Book One: We have a lot in common. “Rules and precision aren’t naturally my thing. I’m a hypersensitive baker, preferring to get lost in the smells and textures of food and the sizzling sounds they make while boiling in a saucepan or roasting under an oven’s coil. So in this way, I’m not the baker you might expect.” (pg. 10)
Book Two: We speak the same language. One of the unexpected. Of revolution. And of learning to walk over and over again.
Book One: “While there are tips I’ve lifted from books. . . part of me enjoys making a fool of myself on the first go-round while botching a batch of whatever recipe it is I’ve dared to change and ruin. It’s a moment of masochism that has made room for big waves of happiness and pride to flood in when it does come out perfectly and I’ve invented something new.” (pg. 10)
Book Two: That is food. That is art. An altar for the dead that really represents life. Blue. Red. Yellow. Few colors. So many stories. El mole, for example. “Hay un chorro de historias de cómo nació el mole. Para mí todas son mentiras y la pinche Iglesia se quiere robar el crédito.” (pg. 90)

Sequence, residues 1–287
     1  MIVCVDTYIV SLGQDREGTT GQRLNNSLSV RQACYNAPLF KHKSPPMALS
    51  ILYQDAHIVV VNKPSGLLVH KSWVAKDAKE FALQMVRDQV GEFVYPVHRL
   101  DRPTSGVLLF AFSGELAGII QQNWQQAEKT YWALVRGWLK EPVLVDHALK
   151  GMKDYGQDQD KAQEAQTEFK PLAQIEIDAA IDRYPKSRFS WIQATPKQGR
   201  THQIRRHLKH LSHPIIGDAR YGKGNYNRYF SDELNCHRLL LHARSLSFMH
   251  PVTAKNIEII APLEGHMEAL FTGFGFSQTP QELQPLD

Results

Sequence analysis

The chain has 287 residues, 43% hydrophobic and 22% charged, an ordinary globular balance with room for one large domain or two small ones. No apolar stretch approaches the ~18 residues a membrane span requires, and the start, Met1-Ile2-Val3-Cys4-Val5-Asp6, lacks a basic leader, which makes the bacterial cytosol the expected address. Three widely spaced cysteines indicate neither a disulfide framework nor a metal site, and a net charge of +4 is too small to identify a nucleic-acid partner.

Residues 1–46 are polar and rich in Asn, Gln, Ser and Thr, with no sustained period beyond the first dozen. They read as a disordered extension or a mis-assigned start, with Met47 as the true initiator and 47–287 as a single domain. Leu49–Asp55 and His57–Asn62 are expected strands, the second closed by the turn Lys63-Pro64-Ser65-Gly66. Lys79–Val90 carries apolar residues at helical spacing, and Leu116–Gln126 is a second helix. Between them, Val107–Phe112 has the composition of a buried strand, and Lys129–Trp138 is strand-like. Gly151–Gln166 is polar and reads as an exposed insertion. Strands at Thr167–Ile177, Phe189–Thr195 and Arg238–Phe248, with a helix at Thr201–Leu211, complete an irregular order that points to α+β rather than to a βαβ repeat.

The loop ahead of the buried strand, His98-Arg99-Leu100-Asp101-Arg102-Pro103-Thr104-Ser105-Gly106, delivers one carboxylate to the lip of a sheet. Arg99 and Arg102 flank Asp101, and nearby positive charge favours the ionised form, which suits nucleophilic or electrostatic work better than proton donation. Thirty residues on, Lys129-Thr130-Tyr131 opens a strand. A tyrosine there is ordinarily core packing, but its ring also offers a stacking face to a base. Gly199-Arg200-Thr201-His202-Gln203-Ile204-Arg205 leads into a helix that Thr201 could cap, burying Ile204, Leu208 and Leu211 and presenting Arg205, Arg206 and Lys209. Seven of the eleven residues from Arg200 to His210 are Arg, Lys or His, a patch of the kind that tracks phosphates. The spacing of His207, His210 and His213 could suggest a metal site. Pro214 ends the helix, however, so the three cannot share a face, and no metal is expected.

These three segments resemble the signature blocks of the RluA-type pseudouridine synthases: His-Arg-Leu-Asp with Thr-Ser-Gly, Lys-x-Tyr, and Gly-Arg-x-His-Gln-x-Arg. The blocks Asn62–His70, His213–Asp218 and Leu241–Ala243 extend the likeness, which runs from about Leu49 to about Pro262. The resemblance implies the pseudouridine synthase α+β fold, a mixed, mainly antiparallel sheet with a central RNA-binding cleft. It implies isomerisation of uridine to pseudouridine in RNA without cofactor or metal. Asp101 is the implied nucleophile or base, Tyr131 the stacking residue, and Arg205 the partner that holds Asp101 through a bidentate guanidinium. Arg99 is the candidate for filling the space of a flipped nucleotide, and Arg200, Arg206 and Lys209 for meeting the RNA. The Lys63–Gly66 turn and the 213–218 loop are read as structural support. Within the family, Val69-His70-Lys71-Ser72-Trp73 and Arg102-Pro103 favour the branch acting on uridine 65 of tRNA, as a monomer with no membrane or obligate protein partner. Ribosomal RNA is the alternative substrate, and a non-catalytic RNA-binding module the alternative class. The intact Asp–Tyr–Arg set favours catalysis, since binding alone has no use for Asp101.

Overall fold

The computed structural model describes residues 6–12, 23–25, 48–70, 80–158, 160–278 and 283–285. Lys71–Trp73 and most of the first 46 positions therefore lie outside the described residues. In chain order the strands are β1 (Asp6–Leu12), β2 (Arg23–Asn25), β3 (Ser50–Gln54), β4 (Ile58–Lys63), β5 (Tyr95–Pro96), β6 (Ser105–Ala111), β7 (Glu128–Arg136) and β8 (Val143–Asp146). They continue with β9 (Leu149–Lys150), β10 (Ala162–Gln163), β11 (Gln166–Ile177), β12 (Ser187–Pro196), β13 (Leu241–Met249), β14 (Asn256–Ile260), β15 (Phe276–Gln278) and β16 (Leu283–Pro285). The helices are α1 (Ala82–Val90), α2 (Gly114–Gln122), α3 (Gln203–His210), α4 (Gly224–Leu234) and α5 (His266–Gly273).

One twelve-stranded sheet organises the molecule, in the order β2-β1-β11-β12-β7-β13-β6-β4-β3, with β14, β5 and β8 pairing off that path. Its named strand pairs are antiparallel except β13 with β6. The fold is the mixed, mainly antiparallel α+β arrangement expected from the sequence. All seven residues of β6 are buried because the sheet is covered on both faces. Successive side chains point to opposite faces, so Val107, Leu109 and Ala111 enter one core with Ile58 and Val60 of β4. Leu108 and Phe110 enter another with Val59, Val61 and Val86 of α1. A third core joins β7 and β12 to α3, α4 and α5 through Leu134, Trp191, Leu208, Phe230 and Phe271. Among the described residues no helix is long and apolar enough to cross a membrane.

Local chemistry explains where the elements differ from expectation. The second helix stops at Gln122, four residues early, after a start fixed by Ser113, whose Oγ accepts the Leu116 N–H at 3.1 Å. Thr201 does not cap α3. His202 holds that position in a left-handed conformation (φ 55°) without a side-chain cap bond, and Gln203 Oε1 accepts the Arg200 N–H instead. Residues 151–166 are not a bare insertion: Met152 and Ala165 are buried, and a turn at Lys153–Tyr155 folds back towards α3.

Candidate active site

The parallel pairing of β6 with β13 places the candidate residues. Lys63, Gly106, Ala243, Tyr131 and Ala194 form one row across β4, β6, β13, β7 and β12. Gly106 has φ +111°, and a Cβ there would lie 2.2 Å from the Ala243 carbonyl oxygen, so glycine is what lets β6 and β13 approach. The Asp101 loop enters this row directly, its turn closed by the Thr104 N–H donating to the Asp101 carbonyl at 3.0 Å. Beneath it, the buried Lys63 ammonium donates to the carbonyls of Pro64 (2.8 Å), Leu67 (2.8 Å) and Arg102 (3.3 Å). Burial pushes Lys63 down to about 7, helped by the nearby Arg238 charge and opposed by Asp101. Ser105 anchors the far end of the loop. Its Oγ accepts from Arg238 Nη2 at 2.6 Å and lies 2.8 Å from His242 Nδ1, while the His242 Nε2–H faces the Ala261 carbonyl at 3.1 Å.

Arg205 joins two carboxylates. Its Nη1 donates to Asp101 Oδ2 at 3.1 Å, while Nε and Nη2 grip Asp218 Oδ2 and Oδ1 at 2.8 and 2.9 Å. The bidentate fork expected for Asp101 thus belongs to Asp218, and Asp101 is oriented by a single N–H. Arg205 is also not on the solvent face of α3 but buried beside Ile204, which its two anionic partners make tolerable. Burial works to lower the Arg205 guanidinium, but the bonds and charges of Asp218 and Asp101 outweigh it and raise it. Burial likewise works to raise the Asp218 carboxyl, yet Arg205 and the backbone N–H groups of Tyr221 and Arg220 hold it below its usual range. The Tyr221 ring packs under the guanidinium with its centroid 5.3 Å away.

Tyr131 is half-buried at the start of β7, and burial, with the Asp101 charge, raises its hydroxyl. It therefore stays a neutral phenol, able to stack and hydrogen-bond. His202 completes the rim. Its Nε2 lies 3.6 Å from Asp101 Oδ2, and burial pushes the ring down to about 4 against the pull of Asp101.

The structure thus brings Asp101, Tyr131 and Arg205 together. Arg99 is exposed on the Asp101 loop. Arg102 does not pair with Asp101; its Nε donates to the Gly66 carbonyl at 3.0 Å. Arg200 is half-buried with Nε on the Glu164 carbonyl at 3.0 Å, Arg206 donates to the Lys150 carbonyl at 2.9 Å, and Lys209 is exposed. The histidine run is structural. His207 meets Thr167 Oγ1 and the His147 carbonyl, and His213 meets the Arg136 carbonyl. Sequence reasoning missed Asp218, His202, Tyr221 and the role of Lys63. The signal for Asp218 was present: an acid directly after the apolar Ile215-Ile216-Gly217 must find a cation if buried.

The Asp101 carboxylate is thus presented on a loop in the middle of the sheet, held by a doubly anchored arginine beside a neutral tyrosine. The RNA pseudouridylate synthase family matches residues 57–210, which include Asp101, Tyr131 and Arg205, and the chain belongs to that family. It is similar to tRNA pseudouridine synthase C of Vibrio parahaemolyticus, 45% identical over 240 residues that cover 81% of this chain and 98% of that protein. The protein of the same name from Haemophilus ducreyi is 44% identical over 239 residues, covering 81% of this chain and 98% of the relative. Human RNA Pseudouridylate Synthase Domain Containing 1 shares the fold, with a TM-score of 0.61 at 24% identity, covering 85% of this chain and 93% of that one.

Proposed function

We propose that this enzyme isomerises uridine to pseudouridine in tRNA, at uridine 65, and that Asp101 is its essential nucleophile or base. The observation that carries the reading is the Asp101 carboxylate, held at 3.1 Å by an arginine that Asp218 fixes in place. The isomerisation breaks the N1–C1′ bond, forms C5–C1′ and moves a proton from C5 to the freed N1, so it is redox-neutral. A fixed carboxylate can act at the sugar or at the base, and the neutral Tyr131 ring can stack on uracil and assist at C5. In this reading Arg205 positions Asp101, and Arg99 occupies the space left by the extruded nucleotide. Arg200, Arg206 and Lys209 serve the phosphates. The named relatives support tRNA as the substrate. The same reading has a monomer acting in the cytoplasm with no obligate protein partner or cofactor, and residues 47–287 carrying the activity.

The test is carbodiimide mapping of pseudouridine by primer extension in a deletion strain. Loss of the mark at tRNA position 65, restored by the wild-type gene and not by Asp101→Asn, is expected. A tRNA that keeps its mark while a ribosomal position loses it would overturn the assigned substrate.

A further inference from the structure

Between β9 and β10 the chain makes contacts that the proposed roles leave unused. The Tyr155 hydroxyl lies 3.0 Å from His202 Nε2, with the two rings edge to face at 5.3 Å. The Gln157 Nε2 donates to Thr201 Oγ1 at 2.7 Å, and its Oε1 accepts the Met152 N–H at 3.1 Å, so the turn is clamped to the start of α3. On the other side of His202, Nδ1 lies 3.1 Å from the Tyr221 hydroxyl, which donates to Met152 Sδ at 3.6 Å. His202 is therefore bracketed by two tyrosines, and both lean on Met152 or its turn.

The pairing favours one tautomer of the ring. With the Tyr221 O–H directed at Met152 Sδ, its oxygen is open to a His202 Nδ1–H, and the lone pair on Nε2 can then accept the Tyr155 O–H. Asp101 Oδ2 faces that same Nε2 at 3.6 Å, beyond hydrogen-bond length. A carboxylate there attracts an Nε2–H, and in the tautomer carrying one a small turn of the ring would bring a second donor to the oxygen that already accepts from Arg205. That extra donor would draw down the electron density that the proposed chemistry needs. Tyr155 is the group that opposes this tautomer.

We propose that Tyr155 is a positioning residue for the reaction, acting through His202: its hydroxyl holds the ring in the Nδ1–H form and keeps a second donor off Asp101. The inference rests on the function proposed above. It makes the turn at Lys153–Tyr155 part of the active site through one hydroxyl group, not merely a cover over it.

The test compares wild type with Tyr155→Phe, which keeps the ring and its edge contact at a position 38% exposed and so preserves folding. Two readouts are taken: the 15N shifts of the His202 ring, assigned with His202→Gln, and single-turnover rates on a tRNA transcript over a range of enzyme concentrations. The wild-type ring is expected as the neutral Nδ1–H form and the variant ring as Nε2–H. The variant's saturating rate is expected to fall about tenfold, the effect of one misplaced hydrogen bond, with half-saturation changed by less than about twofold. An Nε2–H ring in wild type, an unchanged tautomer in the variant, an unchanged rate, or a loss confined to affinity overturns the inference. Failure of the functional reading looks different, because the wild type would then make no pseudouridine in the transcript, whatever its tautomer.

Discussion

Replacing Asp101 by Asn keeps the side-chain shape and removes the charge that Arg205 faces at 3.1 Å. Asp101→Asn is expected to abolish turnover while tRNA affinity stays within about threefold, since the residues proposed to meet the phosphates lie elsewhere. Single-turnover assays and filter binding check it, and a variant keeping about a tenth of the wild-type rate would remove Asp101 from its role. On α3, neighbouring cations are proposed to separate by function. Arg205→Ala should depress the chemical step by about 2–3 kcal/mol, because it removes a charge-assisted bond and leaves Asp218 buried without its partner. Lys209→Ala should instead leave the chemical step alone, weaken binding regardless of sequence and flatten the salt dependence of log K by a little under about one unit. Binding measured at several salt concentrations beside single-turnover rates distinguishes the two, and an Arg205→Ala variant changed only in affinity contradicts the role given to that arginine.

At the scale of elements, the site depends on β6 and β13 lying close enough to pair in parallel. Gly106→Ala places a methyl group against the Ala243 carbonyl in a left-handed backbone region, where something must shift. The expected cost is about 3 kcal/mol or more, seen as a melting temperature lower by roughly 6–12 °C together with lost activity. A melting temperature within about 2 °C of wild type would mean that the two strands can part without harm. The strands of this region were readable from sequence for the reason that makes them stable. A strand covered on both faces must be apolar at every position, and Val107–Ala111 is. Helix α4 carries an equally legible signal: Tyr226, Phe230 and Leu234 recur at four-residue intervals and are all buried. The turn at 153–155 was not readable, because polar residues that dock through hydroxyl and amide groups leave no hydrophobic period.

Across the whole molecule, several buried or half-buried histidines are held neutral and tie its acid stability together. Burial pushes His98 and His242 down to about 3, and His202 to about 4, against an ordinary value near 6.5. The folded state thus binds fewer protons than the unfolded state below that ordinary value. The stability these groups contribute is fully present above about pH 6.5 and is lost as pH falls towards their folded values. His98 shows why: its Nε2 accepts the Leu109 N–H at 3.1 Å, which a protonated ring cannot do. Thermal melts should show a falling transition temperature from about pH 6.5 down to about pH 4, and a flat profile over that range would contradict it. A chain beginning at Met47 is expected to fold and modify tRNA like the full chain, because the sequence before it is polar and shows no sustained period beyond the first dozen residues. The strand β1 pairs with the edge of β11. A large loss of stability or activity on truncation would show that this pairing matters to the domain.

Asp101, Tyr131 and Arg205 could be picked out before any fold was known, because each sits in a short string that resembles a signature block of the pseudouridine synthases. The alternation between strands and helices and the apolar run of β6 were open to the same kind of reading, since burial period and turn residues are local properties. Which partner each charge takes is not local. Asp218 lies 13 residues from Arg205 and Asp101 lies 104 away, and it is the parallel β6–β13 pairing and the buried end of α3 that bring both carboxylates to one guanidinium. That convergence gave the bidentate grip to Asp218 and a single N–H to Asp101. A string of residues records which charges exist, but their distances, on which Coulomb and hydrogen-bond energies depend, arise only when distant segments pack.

Book One: “A recipe can only do so much anyway. Flour, eggs, ovens--” (pg. 10) I wrote my book ‘To every Black girl who creates her own power. In her own way.”
Book Two: We do not always find power in words. In conversations when I couldn’t speak. I could cook. For example, meeting with Trotksy, “pues podia decirle más con mis sabores sobre mi visión de un mundo major, de lo que pudiera decirle con palabras. Los dos deseábamos solo eso: un mundo mejor. Quién no desea eso en la vida. . .?” (pg. 220) Food is life so food is power.
Book One: I agree. I was proud to be featured in an empowering series, High on the Hog, that restored power to African cooking in the history of the United States.
Book Two: “No me gusto nada comer entre los güeros. . . Lo que sí me gustaba eran sus pasteles. Eran como edificios perfectamente construidos. También me gustaban los restaurantes de la gente de color. Ahí todo era colorido, desde la música hasta la amable sonrisa de la camarera.” (pg. 128)